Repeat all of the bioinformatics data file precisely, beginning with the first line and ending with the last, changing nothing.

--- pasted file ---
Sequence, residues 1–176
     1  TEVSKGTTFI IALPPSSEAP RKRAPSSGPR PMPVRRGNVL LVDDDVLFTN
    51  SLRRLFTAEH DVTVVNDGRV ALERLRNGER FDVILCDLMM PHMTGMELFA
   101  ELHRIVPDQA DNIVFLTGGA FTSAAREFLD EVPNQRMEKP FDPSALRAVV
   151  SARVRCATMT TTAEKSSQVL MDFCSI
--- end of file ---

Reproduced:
Sequence, residues 1–176
     1  TEVSKGTTFI IALPPSSEAP RKRAPSSGPR PMPVRRGNVL LVDDDVLFTN
    51  SLRRLFTAEH DVTVVNDGRV ALERLRNGER FDVILCDLMM PHMTGMELFA
   101  ELHRIVPDQA DNIVFLTGGA FTSAAREFLD EVPNQRMEKP FDPSALRAVV
   151  SARVRCATMT TTAEKSSQVL MDFCSI